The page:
Amit R. Rahalkar, [1] Jian Wang, [1] Sandra Sirrs, [2] James Dimmick, [3] Daniel Holmes, [4] Nadine Urquhart, [4] Robert A. Hegele, [1] * and Andre Mattman [2]

[1] Robarts Research Institute and Schulich School of Medicine and Dentistry, University of Western Ontario, London, Ontario, Canada; [2] Adult Metabolic Disease Clinic, Department of Medicine, Vancouver General Hospital, UBC, Vancouver, British Columbia, Canada; [3] Department of Pathology and Laboratory Medicine, Children's and Women's Health Centre of British Columbia, UBC, Vancouver, British Columbia, Canada; [4] Department of Pathology and Laboratory Medicine, St. Paul's Hospital, UBC, Vancouver, British Columbia, Canada.

* Address correspondence to this author at: Robarts Research Institute, 406-100 Perth Drive, London, Ontario, Canada N6A 5K8. Fax: +1 519 663 3037; e-mail


Alan T. Remaley

Although apolipoprotein (apo)A-I and apoB are measured by many laboratories as an adjunct to HDL and LDL concentrations, respectively, lipoproteins contain numerous other proteins, some of which have a profound effect on lipoprotein metabolism. ApoE, for example, resides on both antiatherogenic HDL particles and on proatherogenic apoB-containing lipoproteins, thus confounding the usefulness of apoE as a cardiovascular risk marker in unfractionated samples. Nevertheless, apoE has many different roles in lipoprotein metabolism, some of which may account for the macrophage lipid accumulation observed in this interesting case. The best understood function of apoE is that it can serve as a ligand for the cellular uptake of apoB-containing proteins, as well as perhaps HDL, byvarious receptors. In the absence of a normal form of apoE, there is decreased hepatic clearance of lipoproteins, which leads to their increased oxidation and uptake by macrophage scavenger receptors. ApoE can also help prevent lipid accumulation in cells, particularly in macrophages, which synthesize apoE, by promoting the efflux of excess intracellular cholesterol by the ABCA1 transporter and by other cholesterol efflux mechanisms.

Recently, a new role for apoE has been described, which may also be relevant to the macrophage lipid accumulation observed in this case. The presence of apoE on lipoproteins also facilitates the lysosomal processing of endocytosed lipoproteins (1). In the absence of apoE or possibly, as in this case, in the presence of an abnormal form of apoE, the endocytosed lipoproteins interfere with the delivery of the various hydrolytic enzymes to the lysosome, by perhaps altering the production and/or trafficking of the mannose-6-phosphate receptor, which normally shepherds these enzymes to the lysosome. This interference results in a defect in the intracellular lipolysis of lipoproteins and the accumulation of cholesteryl esters in lysososomes. In addition, cathepsin B, normally a lysosomal proteolytic enzyme, is instead secreted into the extracellular space, where it may contribute to the formation of unstable plaques. Currently, the only apoE-based test routinely performed in clinical laboratories is a genotype type test for apoE isoforms, for assessing the risk of Alzheimer disease. Given the multifaceted role of apoE in lipoprotein metabolism, the measurement of apoE on specific lipoprotein fractions may be a fruitful area for future research on cardiovascular risk markers.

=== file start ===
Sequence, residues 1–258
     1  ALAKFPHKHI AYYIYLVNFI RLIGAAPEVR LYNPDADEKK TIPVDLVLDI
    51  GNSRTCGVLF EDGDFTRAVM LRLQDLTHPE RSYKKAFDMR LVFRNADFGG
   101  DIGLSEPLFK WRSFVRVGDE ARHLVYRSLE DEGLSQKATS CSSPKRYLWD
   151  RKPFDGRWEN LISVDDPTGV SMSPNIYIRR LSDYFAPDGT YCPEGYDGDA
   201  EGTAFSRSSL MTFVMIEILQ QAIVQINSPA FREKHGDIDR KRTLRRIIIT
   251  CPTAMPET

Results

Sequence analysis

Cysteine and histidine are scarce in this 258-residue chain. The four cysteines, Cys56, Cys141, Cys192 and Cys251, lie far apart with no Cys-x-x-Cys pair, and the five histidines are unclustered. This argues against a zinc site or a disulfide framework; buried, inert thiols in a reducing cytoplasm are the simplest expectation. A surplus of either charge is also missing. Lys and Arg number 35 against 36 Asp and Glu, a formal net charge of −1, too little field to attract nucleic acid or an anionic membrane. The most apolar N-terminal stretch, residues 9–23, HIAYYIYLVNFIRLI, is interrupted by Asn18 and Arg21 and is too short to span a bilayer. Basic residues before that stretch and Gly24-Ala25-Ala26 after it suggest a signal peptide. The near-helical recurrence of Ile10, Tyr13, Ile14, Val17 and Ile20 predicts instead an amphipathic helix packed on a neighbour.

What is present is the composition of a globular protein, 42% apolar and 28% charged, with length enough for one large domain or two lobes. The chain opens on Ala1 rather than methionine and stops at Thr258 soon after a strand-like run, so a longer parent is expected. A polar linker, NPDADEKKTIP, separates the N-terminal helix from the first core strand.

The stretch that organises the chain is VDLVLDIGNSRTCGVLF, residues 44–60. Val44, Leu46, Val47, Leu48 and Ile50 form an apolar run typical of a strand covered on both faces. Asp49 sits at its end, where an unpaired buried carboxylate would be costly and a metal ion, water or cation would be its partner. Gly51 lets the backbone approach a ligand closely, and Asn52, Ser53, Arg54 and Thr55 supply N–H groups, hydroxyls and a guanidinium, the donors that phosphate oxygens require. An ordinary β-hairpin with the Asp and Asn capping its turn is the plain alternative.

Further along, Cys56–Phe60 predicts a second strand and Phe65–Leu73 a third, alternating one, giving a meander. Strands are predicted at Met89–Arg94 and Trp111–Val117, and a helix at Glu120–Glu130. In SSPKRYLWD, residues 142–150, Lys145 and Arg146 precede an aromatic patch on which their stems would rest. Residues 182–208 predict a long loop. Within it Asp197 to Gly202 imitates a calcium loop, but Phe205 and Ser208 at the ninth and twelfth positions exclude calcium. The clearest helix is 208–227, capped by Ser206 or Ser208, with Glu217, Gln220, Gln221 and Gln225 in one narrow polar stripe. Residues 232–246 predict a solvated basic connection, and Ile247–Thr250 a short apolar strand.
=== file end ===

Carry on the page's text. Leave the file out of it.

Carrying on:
Grant/funding Support: None declared.

Financial Disclosures: None declared.

Previously published online at DOI: 10.1373/clinchem.2007.101881


(1.) Wu D, Sharan C, Yang H, Goodwin JS, Zhou L, Grabowski GA, Du H, Guo Z. Apolipoprotein E-deficient lipoproteins induce foam cell formation by downregulation of lysosomal hydrolases in macrophages. J Lipid Res 2007;48: 2571-8.

National Institutes of Health, Bethesda, MD.

Address correspondence to the author at: National Institutes of Health, Bldg. 10, Rm. 2C-433, 10 Center Dr, MSC 1508, Bethesda, MD, 20892-1508. Fax 301-4021885; e-mail


Robert Shamburek

Clinical laboratories typically focus on apolipoprotein (apo)E typing of polymorphisms (E2, E3, E4) and less on apoE concentrations, because increased apoE is found in hypertriglyceridemia but correlates less with coronary heart disease. The role of apoE and the importance of splenic macrophages in lipoprotein metabolism are highlighted by this case.